The way into my parlour
Is up a winding stair;
And I have many curious things
To show you when you're there."
"Oh, no, no," said the little fly;
"To ask me is in vain;
For who goes up your winding stair
Can ne'er come down again."
I'm sure you must be weary, dear,
With soaring up so high;
Will you rest upon my little bed?"
Said the spider to the fly.
"There are pretty curtains all around,
The sheets are fine and thin,
And if you want to rest awhile,
I'll snugly tuck you in!"
"Oh, no, no," said the little fly;
"For I've often heard it said,
They never, never wake again
Who sleep upon your bed!"
Said the cunning spider to the fly,-
"Dear friend, what can I do
To prove the warm affection
I've always felt for you?
I have within my pantry
Good store of all that's nice;
I'm sure you're very welcome-
Will you please to take a slice?"
"Oh, no, no," said the little fly,
"Kind sir, that cannot be;
I've heard what's in your pantry,
And I do not wish to see!"
"Sweet creature!" said the spider,
"Your're witty and you're wise;
How handsome are your gauzy wings,
How brilliant are your eyes!
I have a little looking-glass
Upon my parlour shelf;
If you'll step in one moment, dear,
You shall behold yourself."
"I thank you, gentle sir," she said,
"For what you're pleased to say,
And, bidding you good-morning now,
I'll call another day."
The spider turned him round about,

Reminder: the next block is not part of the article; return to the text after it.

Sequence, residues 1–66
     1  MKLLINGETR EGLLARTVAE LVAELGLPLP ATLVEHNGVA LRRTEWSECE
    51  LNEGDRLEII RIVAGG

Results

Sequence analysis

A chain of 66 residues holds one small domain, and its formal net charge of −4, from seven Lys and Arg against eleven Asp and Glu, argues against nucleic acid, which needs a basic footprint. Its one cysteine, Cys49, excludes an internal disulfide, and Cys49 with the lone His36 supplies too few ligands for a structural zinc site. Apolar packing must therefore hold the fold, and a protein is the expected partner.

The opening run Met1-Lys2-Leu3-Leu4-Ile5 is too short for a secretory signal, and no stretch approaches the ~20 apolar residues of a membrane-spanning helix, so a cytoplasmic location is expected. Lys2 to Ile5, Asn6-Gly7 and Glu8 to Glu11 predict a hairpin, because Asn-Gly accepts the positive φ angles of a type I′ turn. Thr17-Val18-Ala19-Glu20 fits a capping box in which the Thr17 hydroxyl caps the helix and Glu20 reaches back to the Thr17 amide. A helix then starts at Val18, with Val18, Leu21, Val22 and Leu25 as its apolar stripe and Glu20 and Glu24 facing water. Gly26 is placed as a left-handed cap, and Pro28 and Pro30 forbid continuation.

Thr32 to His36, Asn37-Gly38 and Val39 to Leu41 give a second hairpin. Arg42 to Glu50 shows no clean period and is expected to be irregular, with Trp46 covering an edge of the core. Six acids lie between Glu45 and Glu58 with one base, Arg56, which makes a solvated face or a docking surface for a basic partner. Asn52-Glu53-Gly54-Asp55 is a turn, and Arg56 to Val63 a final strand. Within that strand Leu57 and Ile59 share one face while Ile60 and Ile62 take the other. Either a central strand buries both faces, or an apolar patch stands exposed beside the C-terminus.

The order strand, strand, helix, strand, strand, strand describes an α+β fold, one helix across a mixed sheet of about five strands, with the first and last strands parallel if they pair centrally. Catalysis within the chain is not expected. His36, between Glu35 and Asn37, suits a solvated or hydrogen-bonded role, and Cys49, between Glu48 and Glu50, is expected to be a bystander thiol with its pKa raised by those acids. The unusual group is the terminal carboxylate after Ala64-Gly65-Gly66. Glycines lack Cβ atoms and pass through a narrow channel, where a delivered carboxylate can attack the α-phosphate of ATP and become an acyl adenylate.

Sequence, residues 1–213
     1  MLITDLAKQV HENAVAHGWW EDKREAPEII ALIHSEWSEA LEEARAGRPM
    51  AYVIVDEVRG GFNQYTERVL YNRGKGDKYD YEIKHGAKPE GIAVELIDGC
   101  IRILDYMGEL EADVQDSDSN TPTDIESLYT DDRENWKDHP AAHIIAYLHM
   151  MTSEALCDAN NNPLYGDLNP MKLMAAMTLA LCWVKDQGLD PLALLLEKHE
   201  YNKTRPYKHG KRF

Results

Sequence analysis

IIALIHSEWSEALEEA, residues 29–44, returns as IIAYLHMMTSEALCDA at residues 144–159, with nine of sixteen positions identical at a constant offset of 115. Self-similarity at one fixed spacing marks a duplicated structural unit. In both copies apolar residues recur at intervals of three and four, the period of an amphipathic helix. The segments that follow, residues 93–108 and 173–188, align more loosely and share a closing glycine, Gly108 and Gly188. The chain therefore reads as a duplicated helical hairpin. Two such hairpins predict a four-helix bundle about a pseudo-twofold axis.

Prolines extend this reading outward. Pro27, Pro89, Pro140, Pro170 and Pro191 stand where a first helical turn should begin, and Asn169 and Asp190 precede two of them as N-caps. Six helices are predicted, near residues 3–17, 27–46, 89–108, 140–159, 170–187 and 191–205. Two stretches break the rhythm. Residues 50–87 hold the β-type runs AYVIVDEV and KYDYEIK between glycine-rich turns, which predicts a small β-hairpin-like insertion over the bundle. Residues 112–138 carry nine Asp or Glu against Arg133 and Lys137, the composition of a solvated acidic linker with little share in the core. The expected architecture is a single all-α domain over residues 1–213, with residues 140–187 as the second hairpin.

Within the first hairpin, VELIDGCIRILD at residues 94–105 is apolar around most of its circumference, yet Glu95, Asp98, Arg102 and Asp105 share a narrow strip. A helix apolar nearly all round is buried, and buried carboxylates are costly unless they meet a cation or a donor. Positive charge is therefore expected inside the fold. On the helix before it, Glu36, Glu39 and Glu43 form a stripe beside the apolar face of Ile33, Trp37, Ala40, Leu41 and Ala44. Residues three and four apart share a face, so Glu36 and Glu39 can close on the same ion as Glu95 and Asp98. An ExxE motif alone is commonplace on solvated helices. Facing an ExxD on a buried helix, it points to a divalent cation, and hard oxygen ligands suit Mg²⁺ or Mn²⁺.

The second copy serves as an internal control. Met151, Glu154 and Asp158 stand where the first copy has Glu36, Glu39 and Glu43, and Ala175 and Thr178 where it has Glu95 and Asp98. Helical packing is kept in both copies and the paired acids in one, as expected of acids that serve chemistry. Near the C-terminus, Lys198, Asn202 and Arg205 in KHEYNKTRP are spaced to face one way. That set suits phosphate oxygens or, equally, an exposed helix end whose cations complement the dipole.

And went into his den,
For well he knew the silly fly
Would soon come back again.
So he wove a subtle web
In a little corner sly,
And set his table ready
To dine upon the fly.
Then he came out to his door again,
And merrily did sing,
"Come hither, hither, pretty fly,
With the pearl and silver wing;
Your robes are green and purple,
There's a crest upon your head;
Your eyes are like the diamond bright,
But mine are dull as lead!"
Alas! alas! how very soon
This silly little fly,
Hearing his wily, flattering words,
Came slowly flitting by!
With buzzing wings she hung aloft,
Then near and nearer drew,
Thinking only of her brilliant eyes,
And green and purple hue-
Thinking only of her crested head-
Poor foolish thing! At last
Up jumped the cunning spider,
And fiercely held her fast.
He dragged her up his winding stair,
Into his dismal den:
Within his little parlour,-
But she ne'er came out again!
And now, dear little children
Who may this story read,
To idle, silly, flattering words,
I pray you ne'er give heed;